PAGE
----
• Is this depiction of graphic violence necessary? What does it bring to the story? Maybe there is a less gruesome way to kill somebody or perhaps it fits your story better if you show no violence at all? When you think about these questions, always refer back to your WHY. Your artistic purpose will help you with making those challenging decisions. 
  • Does violence have to be graphic? Or perhaps it is better to leave it off-screen? Sometimes implied violence has a more profound effect on the viewer, in contrast to the one shown on-screen. Think about building suspense, and playing with the audience’s anticipation, with implying rather than directly showing. The images created in one’s hand can sometimes be way more graphic and horrific than the ones virtually depicted. 


The same mindset applies when it comes to the depiction of sexual content and nudity. Body image and the depiction of nudity remain controversial issues. Some consider the explicit demonstration of nude body parts to be pornographic content. 

In certain regions due to ethical, religious, or social charter, demonstration of the nude body remains a taboo. In others, the depiction of the nude body incarnates a progressive mindset and stride towards open minded-values. 

But once again, before incorporating sexual imagery and nudity into your story, consider the following points:

  • Is the sex scene/depiction of nudity necessary? Does visually demonstrating a nude body have a certain artistic value or is it just for the sake of sexual stimulation?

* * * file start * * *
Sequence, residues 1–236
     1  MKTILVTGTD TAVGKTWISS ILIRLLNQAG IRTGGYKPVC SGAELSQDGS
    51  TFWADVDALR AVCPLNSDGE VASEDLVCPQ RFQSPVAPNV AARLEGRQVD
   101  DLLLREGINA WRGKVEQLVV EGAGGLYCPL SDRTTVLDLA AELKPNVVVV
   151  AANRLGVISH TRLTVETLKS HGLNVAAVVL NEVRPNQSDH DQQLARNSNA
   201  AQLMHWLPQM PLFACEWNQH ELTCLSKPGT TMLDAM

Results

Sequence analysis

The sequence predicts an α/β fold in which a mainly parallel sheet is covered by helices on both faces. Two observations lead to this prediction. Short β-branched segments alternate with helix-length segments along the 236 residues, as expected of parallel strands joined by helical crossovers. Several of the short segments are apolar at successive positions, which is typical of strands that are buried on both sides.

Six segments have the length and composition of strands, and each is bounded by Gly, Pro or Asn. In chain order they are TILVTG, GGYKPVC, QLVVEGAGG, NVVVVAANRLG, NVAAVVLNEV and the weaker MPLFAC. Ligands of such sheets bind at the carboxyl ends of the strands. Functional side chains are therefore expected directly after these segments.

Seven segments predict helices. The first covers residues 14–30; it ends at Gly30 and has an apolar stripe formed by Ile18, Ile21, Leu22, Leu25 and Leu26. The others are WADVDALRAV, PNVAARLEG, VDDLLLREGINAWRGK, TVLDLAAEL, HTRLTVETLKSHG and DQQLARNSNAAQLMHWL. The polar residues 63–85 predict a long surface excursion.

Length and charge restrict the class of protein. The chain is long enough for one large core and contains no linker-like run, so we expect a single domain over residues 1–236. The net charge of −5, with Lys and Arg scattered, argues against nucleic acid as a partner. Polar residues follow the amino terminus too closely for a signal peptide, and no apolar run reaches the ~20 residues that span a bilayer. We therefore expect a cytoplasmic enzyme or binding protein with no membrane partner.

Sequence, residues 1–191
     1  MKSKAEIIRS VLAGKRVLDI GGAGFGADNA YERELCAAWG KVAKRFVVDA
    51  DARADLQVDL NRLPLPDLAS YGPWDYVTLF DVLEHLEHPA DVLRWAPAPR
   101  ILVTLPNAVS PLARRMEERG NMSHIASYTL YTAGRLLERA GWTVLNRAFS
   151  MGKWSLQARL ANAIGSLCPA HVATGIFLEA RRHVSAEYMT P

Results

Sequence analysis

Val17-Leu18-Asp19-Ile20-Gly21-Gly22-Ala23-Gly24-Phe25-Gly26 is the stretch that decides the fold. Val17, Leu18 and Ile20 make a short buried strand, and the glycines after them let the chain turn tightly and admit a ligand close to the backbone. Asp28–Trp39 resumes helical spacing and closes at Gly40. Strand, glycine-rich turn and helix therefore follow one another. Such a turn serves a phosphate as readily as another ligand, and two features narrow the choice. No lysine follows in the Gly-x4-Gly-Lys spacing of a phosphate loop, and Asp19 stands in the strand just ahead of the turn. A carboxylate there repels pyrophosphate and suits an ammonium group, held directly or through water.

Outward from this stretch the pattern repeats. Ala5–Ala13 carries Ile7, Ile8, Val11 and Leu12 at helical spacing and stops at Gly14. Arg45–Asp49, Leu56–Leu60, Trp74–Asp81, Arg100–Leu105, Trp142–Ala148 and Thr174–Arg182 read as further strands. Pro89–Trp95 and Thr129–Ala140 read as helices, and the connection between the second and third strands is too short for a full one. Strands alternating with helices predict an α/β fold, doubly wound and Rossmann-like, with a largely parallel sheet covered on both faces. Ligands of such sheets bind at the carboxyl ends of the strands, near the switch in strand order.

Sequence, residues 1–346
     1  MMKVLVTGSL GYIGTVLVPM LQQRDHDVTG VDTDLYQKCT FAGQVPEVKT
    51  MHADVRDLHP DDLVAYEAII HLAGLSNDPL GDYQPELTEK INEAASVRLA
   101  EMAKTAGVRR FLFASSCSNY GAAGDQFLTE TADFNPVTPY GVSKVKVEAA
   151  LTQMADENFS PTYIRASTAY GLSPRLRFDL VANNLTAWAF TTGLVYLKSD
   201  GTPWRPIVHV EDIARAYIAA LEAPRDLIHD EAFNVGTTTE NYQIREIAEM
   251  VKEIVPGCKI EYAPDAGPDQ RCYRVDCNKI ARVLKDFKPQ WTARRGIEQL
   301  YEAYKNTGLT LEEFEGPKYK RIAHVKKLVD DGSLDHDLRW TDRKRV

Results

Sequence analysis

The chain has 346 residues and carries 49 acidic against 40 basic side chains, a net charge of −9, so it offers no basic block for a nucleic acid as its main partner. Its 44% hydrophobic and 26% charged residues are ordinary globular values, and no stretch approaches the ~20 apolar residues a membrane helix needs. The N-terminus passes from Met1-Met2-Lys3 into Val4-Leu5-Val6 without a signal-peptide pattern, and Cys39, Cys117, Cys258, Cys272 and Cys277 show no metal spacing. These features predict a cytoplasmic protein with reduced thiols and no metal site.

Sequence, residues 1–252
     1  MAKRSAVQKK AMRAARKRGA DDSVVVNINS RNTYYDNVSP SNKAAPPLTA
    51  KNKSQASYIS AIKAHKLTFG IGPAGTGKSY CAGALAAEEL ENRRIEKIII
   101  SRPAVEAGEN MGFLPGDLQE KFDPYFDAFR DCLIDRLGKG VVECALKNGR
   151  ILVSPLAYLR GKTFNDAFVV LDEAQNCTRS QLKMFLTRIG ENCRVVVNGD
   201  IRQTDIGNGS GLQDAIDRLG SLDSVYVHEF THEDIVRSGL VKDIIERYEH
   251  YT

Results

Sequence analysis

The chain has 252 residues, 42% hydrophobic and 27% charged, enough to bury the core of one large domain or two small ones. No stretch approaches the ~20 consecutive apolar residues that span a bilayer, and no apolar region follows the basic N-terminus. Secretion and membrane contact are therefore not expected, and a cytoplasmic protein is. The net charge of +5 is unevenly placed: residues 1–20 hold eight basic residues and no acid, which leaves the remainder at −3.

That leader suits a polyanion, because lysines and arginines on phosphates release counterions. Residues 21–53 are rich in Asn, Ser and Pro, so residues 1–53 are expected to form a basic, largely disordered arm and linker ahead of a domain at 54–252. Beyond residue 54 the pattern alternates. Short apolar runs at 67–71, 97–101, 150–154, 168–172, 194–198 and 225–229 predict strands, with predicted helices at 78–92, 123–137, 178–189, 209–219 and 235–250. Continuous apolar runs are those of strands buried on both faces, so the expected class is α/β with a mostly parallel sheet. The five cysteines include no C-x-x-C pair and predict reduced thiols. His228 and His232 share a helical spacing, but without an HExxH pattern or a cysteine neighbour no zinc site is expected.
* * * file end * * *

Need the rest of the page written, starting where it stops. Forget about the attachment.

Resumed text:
• Is the demonstrated nudity derogatory? Does it objectify a particular character or gender? In particular, when you are dealing with heavy topics such as domestic abuse, sexual assault, or human trafficking, make sure you know enough about the topic, and your imagery won’t provoke a traumatic response. 

In Conclusion 

Moving images are complicated and purposefully arranged pieces of artwork. They can influence the audience in incredibly elaborate ways. And if it is something you are considering as a life-long career, make sure you comprehend the ethical aspects of it. 

Don’t forget that your film can inspire the audience for something great, but by the same token it can provoke or traumatize. Be responsible when you are making storytelling decisions, know your moral code, and make sure you are listening to your conscience. 

At the end of the day, the greatest value of any story is to spark change and cultivate hope. This why its so important to understand ethical screenwriting and writing for social justice.

Further Reading List: 

  • Screenwriting with a Conscience by Marilyn Beker
  • Ethics in Screenwriting: New Perspectives by Steven Maras
  • Storytelling and Ethics: Literature, Visual Arts, and the Power of Narrative by Hanna Meretoja and Colin Davis